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While the glycemic index has some value in helping to differentiate “good carbs” from “bad carbs,” it isn’t the gold standard some make it out to be. First, a little background: The glycemic index was originally created to help diabetics adjust their insulin dosage. It measures the speed at which carbs enter the bloodstream and ranks the foods against a yardstick (usually white bread, which has a glycemic rating of 100). Carbs that cause a rapid elevation in blood sugar (i.e., glucose) are termed high glycemic, while those that are “time-released” and maintain stable levels of blood sugar are called low glycemic.

The problem with high-glycemic foods is that they tend to be lipogenic (i.e., fat promoting). A spike in blood sugar levels causes your pancreas to release the hormone insulin to clear the sugar from circulation. Unfortunately, insulin is a storage hormone that turns on various fat storage mechanisms and blocks certain enzymes that are responsible for lipolysis (i.e., fat breakdown). When insulin levels are high, excess nutrients are more readily shuttled into adipose cells, resulting in increased levels of body fat.

Furthermore, the rush of insulin clears sugars from your circulatory system in such an expeditious fashion that it creates a rebound effect, producing a sudden and dramatic drop in blood sugar levels. A hypoglycemic state is induced, causing hunger pangs and food cravings. This creates a vicious cycle that encourages binge eating. As a result, more calories are consumed (generally in the form of high-glycemic foods) and fat storage is heightened even further.

However, simply choosing foods with a low glycemic rating won’t necessarily keep you slim and healthy. Understand that food isn’t consumed in a vacuum. A meal generally consists of a combination of different foods (i.e., chicken and rice, turkey on rye, etc.) and when fats and proteins are consumed with a carbohydrate, digestion is slowed and the glycemic response is mitigated.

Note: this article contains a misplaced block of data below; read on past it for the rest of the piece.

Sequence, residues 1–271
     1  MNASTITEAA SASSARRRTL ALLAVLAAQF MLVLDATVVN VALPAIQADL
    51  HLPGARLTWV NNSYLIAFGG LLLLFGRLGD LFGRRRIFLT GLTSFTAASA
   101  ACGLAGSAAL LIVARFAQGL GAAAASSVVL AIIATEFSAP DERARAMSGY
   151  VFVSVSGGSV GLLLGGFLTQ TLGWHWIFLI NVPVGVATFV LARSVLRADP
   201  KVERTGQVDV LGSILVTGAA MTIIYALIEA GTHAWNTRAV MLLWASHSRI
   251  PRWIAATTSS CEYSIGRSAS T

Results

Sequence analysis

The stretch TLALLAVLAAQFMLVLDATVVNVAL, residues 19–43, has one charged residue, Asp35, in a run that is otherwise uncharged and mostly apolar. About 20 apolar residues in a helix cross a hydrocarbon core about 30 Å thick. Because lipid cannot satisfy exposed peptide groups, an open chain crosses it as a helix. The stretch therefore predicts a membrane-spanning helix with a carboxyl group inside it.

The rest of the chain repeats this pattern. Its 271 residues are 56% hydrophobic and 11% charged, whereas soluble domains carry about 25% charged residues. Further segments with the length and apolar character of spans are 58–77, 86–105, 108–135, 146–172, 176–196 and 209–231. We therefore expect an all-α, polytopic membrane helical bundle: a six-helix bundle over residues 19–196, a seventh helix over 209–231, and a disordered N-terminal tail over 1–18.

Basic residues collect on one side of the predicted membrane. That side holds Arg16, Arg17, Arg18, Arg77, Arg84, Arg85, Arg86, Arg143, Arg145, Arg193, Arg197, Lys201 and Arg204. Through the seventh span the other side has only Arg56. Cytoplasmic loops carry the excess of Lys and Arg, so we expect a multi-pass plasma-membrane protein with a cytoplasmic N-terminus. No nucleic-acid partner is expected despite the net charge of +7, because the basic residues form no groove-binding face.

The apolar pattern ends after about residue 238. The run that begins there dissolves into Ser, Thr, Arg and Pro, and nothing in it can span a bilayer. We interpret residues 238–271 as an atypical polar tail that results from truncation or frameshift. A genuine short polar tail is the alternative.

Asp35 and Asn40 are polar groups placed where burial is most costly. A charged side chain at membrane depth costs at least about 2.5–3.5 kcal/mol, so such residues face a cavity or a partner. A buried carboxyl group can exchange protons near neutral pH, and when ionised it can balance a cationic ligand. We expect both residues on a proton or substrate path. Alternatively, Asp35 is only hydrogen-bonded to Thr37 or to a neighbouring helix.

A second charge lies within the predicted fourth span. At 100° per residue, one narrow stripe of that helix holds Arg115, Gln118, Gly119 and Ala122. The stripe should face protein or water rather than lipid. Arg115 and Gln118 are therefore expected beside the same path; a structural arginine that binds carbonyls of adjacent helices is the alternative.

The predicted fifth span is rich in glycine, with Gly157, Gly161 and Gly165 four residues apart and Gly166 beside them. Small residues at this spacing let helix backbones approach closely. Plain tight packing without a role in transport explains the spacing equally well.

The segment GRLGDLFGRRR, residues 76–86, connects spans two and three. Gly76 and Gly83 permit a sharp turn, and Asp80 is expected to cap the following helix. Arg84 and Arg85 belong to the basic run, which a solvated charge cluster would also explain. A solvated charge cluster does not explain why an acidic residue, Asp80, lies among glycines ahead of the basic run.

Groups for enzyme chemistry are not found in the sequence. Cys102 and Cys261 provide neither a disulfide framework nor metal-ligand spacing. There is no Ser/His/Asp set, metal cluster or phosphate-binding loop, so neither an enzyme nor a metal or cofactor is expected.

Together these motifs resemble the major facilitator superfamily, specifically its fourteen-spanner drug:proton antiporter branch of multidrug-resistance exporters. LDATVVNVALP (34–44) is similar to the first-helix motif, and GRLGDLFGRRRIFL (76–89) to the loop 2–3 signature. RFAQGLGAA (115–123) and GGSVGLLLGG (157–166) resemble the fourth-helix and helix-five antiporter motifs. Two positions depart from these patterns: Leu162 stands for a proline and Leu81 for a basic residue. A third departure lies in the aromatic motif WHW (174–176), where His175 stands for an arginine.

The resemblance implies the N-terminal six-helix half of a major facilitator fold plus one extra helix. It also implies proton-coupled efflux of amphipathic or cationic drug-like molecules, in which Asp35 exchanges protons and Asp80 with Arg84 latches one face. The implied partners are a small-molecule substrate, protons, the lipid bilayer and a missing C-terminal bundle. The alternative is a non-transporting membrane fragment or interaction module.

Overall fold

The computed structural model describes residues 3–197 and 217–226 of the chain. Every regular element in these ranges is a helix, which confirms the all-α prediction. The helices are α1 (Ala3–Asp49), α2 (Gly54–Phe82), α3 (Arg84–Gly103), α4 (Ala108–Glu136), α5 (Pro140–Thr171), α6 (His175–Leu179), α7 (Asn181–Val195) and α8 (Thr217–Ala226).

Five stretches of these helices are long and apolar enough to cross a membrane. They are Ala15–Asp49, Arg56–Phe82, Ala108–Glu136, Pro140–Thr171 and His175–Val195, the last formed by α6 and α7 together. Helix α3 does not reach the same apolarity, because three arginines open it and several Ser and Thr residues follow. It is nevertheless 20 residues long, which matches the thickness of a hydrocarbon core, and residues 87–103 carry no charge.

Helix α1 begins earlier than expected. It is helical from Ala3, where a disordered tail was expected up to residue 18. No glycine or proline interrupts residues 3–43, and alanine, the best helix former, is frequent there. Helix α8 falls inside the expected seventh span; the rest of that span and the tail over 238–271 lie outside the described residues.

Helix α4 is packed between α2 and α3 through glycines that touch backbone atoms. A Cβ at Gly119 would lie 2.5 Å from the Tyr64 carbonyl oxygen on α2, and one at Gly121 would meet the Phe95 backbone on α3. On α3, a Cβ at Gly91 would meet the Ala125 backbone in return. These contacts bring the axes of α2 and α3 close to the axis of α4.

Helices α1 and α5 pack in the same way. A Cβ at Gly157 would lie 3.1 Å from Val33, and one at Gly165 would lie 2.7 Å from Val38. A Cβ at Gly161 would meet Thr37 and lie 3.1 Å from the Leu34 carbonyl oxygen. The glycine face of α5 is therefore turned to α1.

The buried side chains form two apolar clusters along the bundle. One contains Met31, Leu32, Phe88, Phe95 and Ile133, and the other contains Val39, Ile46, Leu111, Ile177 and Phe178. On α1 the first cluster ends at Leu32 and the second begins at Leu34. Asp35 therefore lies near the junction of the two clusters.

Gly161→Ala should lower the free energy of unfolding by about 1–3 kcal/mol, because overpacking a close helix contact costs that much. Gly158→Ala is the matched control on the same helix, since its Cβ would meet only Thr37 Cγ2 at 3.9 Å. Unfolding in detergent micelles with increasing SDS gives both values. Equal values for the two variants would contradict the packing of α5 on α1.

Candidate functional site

More importantly, the glycemic index fails to distinguish whether or not a food has nutritional value. For example, a carrot has a higher glycemic score than a Snickers bar, but there should be little doubt that the carrot is more nutritious. Numerous other items such as doughnuts and ice cream also have low glycemic ratings, yet by no means could they be classified as “healthy” foods. All things considered, it’s misguided to solely rely on the glycemic index to guide your choice of carbohydrate.

A better way to choose carbohydrates is by their nutrient density – the amount of vitamins, minerals and fiber in the food. By nature, nutrient-dense carbs will be low on the glycemic scale and thus, maintain stable blood sugar levels. But as opposed to some low glycemic foods, they also supply your body with essential compounds that enhance metabolic function. Many of the vitamins and minerals are used as co-factors that assist the body in fat burning. Others serve as antioxidants that keep cells functioning optimally. And fiber promotes satiety, decreasing the urge to overeat.

As a rule, nutrient-dense carbs will be unrefined (processing removes much of the vitamins, minerals and fiber from a food). By sticking with whole grains and fresh fruit and vegetables for your carbohydrates, you’ll pretty much ensure consuming a low glycemic diet that’s replete with healthy nutrients.

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